For Ellen Belcik, a fascination with pickups began in the mid-1990s with a compact Chevrolet S-10 that was soon replaced by a full-size Chevrolet Silverado.
She got her latest pickup prize last month. This truck has four doors and four-wheel drive and features that lend themselves to either dressy or labor-intensive outings: a Dodge Ram 1500 Quad Cab.
“I just keep getting bigger - next one will be a semi,” the Walbridge resident joked. “I can't see myself going back to a car.
“This one rides better than some of the cars I've had. The interior is just as luxurious as one of the cars.”
Women made up a small proportion of pickup buyers 20 years ago. But today, about 10 percent of full-size pickup and 20 percent of compact-pickup buyers in the United States are women, according to AutoPacific, Inc., a consulting firm in Tustin, Calif.
Still, sport-utility vehicles remain more popular than comparable pickups for women. For example, 11 percent of full-size Toyota Tundra pickups are bought by women, compared with 30 percent of full-size Toyota Sequoia SUVs, according to AutoPacific.
Many local dealerships, though, can beat the national pickup numbers.
About half of all pickups at Mathews Ford Oregon, Inc., are bought by women, up from 20 percent in the mid-1990s, said John Becerra, sales manager. That compares with national numbers of 12 percent for Ford F-Series pickups and 20 percent for Ford Rangers, according to the most recent Auto Pacific statistics.
“It's phenomenal how much the ratio has changed,” Mr. Becerra said. “For one, Ford Motor Co. has done a lot better job with the designing of the trucks.”
Today's pickups in general have better ride, handling, features, and space than their forebears, said officials at various local dealerships.
“They're more appealing,” said Bob Knapp, new car sales manager for Sylvania's Vin Devers, Inc. “Women want to set a different example, that they can stand alone, be on their own, be independent.”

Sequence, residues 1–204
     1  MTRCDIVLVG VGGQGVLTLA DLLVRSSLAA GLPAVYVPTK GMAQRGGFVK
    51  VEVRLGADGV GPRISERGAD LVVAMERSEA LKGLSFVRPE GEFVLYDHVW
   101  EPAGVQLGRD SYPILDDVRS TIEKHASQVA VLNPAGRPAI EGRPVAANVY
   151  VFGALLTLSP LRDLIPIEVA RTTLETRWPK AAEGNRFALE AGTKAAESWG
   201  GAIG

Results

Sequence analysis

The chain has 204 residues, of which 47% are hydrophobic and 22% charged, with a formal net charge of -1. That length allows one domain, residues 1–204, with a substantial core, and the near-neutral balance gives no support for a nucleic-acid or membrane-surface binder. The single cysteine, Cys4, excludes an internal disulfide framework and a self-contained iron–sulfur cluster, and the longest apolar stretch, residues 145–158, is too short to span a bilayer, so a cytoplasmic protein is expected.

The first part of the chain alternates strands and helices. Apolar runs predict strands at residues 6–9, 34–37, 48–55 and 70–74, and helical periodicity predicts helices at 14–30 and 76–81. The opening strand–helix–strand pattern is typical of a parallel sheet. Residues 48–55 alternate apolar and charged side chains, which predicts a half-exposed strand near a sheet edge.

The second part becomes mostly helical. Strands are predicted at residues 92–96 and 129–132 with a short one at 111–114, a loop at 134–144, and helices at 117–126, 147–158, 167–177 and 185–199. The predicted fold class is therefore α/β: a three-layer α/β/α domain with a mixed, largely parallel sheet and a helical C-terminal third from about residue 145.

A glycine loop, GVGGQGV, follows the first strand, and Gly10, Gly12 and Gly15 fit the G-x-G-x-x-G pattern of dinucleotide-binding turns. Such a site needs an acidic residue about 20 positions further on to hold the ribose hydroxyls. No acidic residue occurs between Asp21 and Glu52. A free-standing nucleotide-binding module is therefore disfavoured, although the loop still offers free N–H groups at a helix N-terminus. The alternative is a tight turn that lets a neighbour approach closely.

Ms. Belcik, a Vin Devers customer, said she liked the Ram's looks better than those of pickups made by Chevrolet and Ford, and its height and price were appealing, too. Four-wheel drive is crucial for her 25-mile commute for her job as a deputy with the Wood County sheriff's office, and she can use the pickup's bed or back seat for hauling, she said.
“I've got it all,” she said.
At Vin Devers, the compact Dodge Dakota pickup is the most popular among women, who make up 20 to 30 percent of the model's buyers. About 10 percent to 15 percent of full-size Dodge Ram buyers are women, Mr. Knapp said.
But at Thayer Chevrolet in Bowling Green, women are most interested in full-size Chevrolet Silverado pickups, said Tom Clark, sales manager. About 20 percent of Silverado purchases are solely for women, he said.
The pickup was redesigned for the 1999 model year and has a back seat that is big enough for adults, Mr. Clark said. That improvement, combined with lots of cargo room, a car-like ride, and good visibility, has made the Silverado popular, he said.
“Nobody seems to be intimidated by the size of the vehicle anymore,” he said.